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May 1999 – Crimes Against Democracy

May 7, 1999
Contact: Bob Hall 919-489-1931


Recent news articles about illegal contributions in North Carolina point out the need for fundamental changes in the state’s campaign finance laws, says the government watchdog group whose complaint prompted the investigation by the SBI and Forsyth County District Attorney Tom Keith.

Our news release from March 1998 provided more details on the scope of political giving by A. Steven Pierce, the former rest-home chain owner charged with conspiracy to violate election laws. Also see the Charlotte Observer’s story on bundling and “straw donors” from June of 1998.

Among the contributions not yet discussed by the media are four donations made on October 1, 1996 from Pierce relatives to the state Democratic Party totaling $20,000.

According to Democracy South’s research, Pierce and 13 related donors (10 relatives and 3 other executives in his businesses) gave a total of $205,850 from 1991 through 1996 to N.C. state-level candidates and party committees. So far, press reports have only discussed $101,000 in contributions requested back from four candidates: Gov. Jim Hunt, Lt. Gov. Mike Wicker, state Sen. Beverly Perdue, and state Sen. Betsy Cochran.

It is unlikely that DA Tom Keith will go after much of the money given before 1996 because of North Carolina’s two-year statute of limitation for prosecuting misdemeanor violations of election law. “That’s a big problem,” said Democracy South’s executive director Pete MacDowell. He pointed out that a 5 year statute of limitation might capture another $100,000 in illegal Pierce donations.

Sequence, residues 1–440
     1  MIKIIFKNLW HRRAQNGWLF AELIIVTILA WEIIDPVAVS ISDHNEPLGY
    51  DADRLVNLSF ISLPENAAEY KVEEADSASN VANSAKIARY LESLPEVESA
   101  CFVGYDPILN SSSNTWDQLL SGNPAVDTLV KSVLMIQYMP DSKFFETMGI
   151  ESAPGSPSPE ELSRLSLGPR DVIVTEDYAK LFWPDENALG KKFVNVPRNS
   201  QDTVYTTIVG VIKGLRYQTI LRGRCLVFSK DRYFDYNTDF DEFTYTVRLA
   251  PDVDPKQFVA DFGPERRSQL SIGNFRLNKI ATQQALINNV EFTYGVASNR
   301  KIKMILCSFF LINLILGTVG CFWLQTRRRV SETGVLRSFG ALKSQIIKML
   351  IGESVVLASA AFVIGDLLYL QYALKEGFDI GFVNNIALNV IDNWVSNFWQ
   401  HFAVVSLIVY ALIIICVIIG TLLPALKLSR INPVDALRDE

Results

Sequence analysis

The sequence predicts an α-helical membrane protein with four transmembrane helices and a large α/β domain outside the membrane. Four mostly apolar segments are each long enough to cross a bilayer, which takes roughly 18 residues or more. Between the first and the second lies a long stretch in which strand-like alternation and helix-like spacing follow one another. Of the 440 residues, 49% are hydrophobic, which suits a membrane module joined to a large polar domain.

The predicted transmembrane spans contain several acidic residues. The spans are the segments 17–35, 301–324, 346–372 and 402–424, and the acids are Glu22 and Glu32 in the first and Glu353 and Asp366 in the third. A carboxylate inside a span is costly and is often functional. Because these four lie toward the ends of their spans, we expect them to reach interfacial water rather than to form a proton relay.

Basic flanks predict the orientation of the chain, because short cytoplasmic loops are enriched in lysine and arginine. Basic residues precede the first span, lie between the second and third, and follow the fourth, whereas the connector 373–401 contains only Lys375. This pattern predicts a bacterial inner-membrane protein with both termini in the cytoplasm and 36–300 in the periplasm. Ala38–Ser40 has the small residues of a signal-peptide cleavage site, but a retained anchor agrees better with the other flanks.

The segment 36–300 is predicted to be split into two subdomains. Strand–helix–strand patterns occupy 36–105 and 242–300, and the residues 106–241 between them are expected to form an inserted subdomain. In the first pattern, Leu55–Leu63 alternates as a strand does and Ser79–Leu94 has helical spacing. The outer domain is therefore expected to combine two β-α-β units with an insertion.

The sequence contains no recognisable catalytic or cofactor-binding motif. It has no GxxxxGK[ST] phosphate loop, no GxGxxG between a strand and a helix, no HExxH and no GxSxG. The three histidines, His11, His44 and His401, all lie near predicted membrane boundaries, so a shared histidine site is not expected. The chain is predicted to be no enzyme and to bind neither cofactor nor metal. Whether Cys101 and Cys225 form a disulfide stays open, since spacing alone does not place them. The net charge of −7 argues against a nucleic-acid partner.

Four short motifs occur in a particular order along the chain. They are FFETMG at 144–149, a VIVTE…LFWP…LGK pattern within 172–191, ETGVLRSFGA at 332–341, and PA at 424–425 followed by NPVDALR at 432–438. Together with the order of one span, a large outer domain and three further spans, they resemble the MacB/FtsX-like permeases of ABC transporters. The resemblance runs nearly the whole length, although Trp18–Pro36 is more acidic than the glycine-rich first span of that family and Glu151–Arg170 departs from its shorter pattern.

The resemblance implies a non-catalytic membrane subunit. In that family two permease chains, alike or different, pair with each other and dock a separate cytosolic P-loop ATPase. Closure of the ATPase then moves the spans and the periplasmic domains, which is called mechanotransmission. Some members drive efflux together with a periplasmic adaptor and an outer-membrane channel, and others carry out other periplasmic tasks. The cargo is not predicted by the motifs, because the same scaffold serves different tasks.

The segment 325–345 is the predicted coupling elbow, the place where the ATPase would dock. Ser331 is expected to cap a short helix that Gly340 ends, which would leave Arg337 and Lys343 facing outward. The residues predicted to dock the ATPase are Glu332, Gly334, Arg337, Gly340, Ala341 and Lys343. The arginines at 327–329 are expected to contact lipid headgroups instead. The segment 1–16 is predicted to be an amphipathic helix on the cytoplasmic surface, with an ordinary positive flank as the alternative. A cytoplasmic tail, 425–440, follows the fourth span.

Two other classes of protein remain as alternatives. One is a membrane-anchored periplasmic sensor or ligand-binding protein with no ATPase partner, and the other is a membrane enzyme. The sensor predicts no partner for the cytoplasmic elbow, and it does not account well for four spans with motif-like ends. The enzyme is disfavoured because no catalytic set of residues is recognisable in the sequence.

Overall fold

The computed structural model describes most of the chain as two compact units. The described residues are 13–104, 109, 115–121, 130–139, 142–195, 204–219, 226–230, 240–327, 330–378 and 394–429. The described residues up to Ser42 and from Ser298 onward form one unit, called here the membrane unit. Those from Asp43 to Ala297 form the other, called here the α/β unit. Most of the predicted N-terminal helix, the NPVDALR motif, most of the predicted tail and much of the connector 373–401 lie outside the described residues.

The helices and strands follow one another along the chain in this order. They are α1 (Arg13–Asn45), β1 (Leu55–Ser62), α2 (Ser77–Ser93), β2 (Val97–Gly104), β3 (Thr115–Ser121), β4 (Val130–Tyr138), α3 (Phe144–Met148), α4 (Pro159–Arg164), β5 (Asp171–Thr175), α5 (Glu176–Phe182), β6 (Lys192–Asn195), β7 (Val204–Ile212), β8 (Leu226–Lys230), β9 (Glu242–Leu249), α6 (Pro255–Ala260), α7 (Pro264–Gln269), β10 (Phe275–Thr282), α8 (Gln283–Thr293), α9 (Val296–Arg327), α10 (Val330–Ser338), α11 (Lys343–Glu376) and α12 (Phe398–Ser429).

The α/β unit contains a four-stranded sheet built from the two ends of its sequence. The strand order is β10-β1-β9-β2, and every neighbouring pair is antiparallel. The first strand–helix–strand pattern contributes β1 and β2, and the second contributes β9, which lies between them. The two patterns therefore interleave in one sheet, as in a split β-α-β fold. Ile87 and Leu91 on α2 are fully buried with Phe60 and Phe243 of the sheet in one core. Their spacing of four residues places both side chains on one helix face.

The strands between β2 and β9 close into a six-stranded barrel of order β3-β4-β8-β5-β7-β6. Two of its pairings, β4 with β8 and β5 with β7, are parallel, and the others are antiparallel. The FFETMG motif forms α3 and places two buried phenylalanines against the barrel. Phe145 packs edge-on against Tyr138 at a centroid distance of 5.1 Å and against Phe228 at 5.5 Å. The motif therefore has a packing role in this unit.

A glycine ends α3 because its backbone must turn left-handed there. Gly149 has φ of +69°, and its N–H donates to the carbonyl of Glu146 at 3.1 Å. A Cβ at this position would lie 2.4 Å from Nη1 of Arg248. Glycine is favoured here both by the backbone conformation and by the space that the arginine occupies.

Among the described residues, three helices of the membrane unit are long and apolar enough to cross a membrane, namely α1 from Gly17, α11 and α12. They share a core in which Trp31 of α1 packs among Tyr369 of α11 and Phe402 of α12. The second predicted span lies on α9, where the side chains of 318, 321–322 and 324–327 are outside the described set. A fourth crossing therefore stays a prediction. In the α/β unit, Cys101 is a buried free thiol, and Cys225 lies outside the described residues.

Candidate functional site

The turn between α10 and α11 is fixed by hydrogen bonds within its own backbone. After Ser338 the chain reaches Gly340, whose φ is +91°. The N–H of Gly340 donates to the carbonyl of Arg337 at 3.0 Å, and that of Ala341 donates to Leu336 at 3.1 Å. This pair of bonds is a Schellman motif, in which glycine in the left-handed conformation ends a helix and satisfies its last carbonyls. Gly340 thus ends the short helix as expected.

MacDowell also said that Keith is the exception to the norm:  Local District Attorneys, who the state Constitution gives the sole power to prosecute crimes, “generally do not pursue campaign finance abuses.” MacDowell said Democracy South’s June 1997 complaint about Pierce included four other cases of apparent violations by other donors, but none of the cases was investigated by local District Attorneys (in Guilford, Mecklenburg, and Wake counties).

In addition to lengthening the statute of limitation to 5 years, MacDowell said stronger enforcement could result if the legislature created an investigative staff within the Board of Elections or Attorney General’s office to develop cases and provide expertise to local DA. Such a provision is now part of a draft Omnibus Campaign Finance Act being developed by Sen. Roy Cooper, Sen. Wib Gulley, Rep. Phil Baddour and others. MacDowell said campaign reformers strongly endorse such these changes.

Besides tougher enforcement, MacDowell urged lawmakers to continue developing an alternative source of campaign money for candidates who accept strict fundraising and spending limits and who receive voter authorization to get public financing. “We need a clean source of money that eliminates the need for special-interest donors, that prevents corruption, and that gives voters real ownership of elections,” MacDowell said.

The Clean Election Act (HB 1402) was introduced in the House on April 29 with 33 sponsors – more than a fourth of the 120 members. “We’re very pleased with the broad diversity of support,” MacDowell. said. “This is not a conservative versus liberal issue. It’s an issue of who controls elections: wealthy special-interest donors or ordinary voters. Mr. Pierce, with his tainted money, exemplifies everything that’s wrong with the current system


The following people were convicted in the Pierce case:

› William Roy Hammonds of Kernersville, four counts of conspiracy to exceed campaign contribution limits.
› James Edwin Holt of New Bern, one count of conspiracy to exceed campaign contribution limits.
› Roy Lee Holt Jr. of New Bern, one count of conspiracy to exceed campaign contribution limits.
› A. Stephen Pierce of Kernersville, five counts of conspiracy to exceed campaign contribution limits, five counts of exceeding campaign contribution limits.
› Guy Stephen Pierce of Kernersville, four counts of conspiracy to exceed campaign contribution limits.
› Brian Odell Smith of Wilmington, three counts of conspiracy to exceed campaign contribution limits.
› Robert Joyce of Winston-Salem, one count of exceeding campaign contribution limits.